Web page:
Vagal brainstem circuits are vitally important in the co-ordination of food ingestion, gastrointestinal (GI) functions and autonomic homeostasis. The receptive relaxation reflex is a classical, vagally-mediated reflex activated upon distension of the esophagus (during swallowing, for example) that induces gastric relaxation and suppression of motility, allowing the stomach to accept ingesta without increasing gastric pressure. At the same time, this reflex is used as the first step in regulation of nutrient absorption and homeostasis. By decreasing gastric tone and motility, the receptive relaxation reflex delays gastric emptying, slows the rate at which chyme is transported to the intestine and, by consequence, regulates the rate of nutrient absorption. Many GI hormones released following meal ingestion exert dramatic control over these vagally-mediated GI functions and such adaptive responses are essential to adjust to ever-changing physiological conditions. Disruption or untimely variations in these adaptive responses, however, may cause inappropriately exaggerated reflexes and possibly even induce pathophysiological results. Exacerbation of the normal physiological response to meal ingestion, for example, may induce a variety of pathological conditions, including, for example, functional gastric motility disorders, obesity or cachexia. The specific mechanisms by which glucose can reorganize vagally-mediated GI visceral reflexes are not well understood. Preliminary data from our laboratories strongly suggest that the receptive relaxation reflex could provide an ideal model system in which we can test specific, mechanistic hypotheses. We will use a variety of techniques including in vivo neurogastroenterology, immunocytochemistry and in vitro neurophysiology to test the overarching hypothesis that glucose regulates vagally-mediated gastrointestinal reflexes via brainstem sites of action. In short, we propose that the vagally-mediated GI reflexes, such as the receptive relaxation reflex, are under the direct control of brainstem glucose levels and that glucose regulates the expression of neurotransmitter receptors on selected subpopulations of gastrointestinal vagal sensory neurons via modulation of protein kinase C-dependent pathways. This proposal will generate data that will lead to an improved understanding of mechanisms regulating the modulation of vago-vagal reflexes and how changes in metabolic and hormonal parameters affect the brainstem plasticity of ingestive and GI-related autonomic homeostatic circuits.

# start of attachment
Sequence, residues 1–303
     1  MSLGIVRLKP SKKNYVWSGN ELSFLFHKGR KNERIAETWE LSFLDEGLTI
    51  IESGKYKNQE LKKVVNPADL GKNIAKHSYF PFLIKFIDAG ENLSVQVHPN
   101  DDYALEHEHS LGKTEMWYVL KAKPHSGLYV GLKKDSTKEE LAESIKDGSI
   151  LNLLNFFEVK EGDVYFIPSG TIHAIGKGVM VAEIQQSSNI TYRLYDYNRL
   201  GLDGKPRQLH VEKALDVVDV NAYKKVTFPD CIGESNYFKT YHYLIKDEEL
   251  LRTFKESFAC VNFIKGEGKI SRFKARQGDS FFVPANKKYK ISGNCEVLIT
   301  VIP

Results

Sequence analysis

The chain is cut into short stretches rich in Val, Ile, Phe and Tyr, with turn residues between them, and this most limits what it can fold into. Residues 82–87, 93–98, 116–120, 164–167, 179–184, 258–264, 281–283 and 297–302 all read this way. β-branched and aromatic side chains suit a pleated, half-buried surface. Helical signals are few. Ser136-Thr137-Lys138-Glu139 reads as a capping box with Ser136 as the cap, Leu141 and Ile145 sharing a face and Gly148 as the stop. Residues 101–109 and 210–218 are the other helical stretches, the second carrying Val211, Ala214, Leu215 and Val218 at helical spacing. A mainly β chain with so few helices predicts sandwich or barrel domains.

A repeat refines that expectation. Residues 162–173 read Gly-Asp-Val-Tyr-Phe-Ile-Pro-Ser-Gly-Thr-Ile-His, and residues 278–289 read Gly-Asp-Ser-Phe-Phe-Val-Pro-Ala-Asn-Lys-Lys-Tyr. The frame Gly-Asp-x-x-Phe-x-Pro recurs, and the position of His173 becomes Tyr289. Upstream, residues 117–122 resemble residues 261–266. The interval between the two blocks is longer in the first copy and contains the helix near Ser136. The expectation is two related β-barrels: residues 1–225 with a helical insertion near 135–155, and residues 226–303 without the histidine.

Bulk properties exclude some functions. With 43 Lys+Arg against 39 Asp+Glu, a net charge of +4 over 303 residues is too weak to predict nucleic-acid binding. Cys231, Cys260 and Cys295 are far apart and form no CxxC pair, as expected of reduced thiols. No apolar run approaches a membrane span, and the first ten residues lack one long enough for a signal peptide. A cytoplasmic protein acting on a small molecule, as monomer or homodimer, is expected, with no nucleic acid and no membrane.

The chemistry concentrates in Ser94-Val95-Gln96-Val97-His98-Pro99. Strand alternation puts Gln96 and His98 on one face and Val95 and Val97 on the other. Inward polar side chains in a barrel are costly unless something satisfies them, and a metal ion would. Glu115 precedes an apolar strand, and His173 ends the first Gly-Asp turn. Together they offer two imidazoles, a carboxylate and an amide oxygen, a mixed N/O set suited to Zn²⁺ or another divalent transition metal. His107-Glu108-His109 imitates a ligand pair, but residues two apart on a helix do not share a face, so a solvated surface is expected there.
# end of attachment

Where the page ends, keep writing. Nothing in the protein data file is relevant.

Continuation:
Agency
National Institute of Health (NIH)
Institute
National Institute of Diabetes and Digestive and Kidney Diseases (NIDDK)
Type
Research Project (R01)
Project #
5R01DK078364-04
Application #
8516883
Study Section
Clinical, Integrative and Molecular Gastroenterology Study Section (CIMG)
Program Officer
Hamilton, Frank A
Project Start
2010-09-01
Project End
2015-07-31
Budget Start
2013-08-01
Budget End
2014-07-31
Support Year
4
Fiscal Year
2013
Total Cost
$268,465
Indirect Cost
$94,701
Name
Pennsylvania State University
Department
Neurosciences
Type
Schools of Medicine
DUNS #
129348186
City
Hershey
State
PA
Country
United States
Zip Code
17033
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Browning, Kirsteen N; Fortna, Samuel R; Hajnal, Andras (2013) Roux-en-Y gastric bypass reverses the effects of diet-induced obesity to inhibit the responsiveness of central vagal motoneurones. J Physiol 591:2357-72